Victoria’s Secret CEO: ‘The detractors are gone’

Diving brief:

  • Victoria’s Secret reported Wednesday that fourth-quarter net sales rose 3.6% to $2.2 billion, with comps up 1% (and 12% in physical stores).

  • Net income fell 12.9% to $246.1 million, according to a company press release.

  • The lingerie maker is set to launch a new digital brand for tweens dubbed “Happy Nation” that will offer “undies, first bras, comfy clothes and body care that parents and tweens can feel good”, according to his presentation of the results.

Overview of the dive:

In a conference call with analysts on Thursday morning, Victoria’s Secret CEO Martin Waters declared victory in the company’s efforts to catch up by moving away from the highly sexualized marketing and merchandising that had so of customers shopping elsewhere in recent years.

“The enemies are gone,” he said.

Waters dismissed the idea that the brand’s about-face would have caused him to lose customers, despite early warnings from some that it would be too drastic. While Victoria’s Secret has experienced declining sales and market share losses in recent years, it has retained its position as the world leader in the lingerie segment.

“When we first announced our repositioning, we received a significant amount of mail from people saying, ‘This is terrible, you’re burning the dirt, you’re ruining your brand. We like the way it was before. Why are you changing it? “, he said, adding that these critics were generally men and “people who do not subscribe to the values ​​to which we subscribe.

When it comes to merchandising, however, the brand can retain its past to a significant degree, even as it becomes more inclusive and responsive to consumer demand, according to analysts at Jane Hali & Associates. Victoria’s Secret now offers vintage underwear, maternity and mastectomy bras, and focuses on trends such as activewear, loungewear and shapewear, according to research by Jane Halli.

“As [Victoria’s Secret] is evolving their branding and product assortment, the assortment has improved, but we don’t see consistency,” they wrote in email comments. “We notice that most of the assortment in-store and online is still leaning towards looking too sexy.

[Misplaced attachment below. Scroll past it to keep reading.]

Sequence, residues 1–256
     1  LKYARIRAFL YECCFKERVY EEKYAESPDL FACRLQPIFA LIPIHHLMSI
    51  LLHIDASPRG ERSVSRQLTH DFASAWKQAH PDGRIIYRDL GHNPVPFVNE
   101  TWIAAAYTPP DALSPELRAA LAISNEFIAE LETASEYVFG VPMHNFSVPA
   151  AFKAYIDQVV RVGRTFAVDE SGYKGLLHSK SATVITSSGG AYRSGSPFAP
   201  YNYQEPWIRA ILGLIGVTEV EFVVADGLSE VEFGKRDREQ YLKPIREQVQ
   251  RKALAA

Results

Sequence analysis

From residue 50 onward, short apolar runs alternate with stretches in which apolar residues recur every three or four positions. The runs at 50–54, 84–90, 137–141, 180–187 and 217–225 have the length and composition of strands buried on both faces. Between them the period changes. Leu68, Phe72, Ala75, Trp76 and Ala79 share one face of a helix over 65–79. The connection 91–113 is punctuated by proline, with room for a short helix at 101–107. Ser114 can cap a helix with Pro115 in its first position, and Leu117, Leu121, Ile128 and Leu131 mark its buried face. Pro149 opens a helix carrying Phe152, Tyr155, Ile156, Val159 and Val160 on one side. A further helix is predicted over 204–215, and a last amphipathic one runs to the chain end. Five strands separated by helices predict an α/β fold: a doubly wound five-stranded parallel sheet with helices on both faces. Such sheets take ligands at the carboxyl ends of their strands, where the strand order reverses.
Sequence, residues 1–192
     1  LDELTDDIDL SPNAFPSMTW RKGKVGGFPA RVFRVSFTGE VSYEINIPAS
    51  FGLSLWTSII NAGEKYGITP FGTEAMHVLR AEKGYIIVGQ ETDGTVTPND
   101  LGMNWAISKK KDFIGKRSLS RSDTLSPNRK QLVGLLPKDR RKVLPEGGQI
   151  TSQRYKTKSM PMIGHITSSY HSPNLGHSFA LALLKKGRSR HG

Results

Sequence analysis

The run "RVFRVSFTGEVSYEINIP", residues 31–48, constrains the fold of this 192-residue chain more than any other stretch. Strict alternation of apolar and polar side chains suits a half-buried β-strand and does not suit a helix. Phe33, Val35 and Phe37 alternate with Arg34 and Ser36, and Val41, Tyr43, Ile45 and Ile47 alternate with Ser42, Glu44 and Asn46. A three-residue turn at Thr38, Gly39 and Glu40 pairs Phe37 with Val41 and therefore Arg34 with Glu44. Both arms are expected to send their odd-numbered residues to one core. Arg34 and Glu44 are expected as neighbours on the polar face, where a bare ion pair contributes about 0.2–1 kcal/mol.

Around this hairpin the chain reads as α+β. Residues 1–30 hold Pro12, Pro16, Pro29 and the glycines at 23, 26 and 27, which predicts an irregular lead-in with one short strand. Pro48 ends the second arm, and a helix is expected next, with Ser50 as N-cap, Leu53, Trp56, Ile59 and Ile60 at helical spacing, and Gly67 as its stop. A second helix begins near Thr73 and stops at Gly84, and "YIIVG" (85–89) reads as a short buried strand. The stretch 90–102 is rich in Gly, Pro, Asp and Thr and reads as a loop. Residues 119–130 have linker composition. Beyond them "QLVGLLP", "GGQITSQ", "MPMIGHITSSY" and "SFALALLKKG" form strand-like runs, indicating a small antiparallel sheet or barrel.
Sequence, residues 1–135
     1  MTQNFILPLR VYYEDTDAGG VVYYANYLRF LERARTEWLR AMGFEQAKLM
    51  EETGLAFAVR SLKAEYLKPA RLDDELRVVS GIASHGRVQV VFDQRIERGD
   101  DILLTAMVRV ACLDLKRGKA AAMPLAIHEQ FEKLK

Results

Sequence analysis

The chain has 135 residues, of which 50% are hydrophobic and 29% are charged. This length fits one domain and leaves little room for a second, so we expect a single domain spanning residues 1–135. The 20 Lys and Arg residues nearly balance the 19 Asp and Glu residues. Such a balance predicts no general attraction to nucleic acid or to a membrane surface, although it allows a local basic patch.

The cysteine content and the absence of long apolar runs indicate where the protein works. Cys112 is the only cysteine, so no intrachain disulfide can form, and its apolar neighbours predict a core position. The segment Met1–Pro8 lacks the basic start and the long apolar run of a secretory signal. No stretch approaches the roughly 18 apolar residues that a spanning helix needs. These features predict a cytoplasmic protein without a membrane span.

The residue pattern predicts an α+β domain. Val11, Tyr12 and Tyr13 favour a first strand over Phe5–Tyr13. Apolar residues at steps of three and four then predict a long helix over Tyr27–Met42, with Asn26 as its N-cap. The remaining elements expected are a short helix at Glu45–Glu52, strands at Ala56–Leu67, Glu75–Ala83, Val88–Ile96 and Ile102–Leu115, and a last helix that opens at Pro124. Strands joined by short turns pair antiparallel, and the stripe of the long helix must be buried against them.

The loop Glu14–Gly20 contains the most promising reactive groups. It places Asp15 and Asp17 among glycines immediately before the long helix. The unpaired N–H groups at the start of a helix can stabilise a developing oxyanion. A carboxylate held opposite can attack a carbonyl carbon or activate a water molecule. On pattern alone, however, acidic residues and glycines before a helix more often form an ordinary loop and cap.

The changes to his brick-and-mortar strategy are also significant. Victoria’s Secret plans to incorporate some elements of a new store concept introduced last year into stores this year and next and continue its move away from the mall. The 15 new stores planned for this year will be non-mall locations of about 5,000 square feet, compared to its traditional mall stores of 8,000 to 10,000 square feet, Waters said.

“We have very strong penetration of our store portfolio in malls right now, and we have low penetration outside of malls, and that gives us opportunities,” he said.

The company promised more information about its interpolation line in April. Whether the new brand cannibalizes its pink banner remains to be seen, but it’s poised to appeal to an underserved customer and its messages could compete with American Eagle’s successful Aerie brand, according to Jane. hali Jessica Ramírez, Retail Research Analyst at & Associates.

“We’ll have to wait and see what the assortment and brand messaging looks like,” she said over email. “However, the Pink brand is aimed at an older teen/teen consumer. The tween market is typically missed by brands due to product size and messaging. Much of Aerie’s success outside of of the product is due to the messaging and feel of the brand.”

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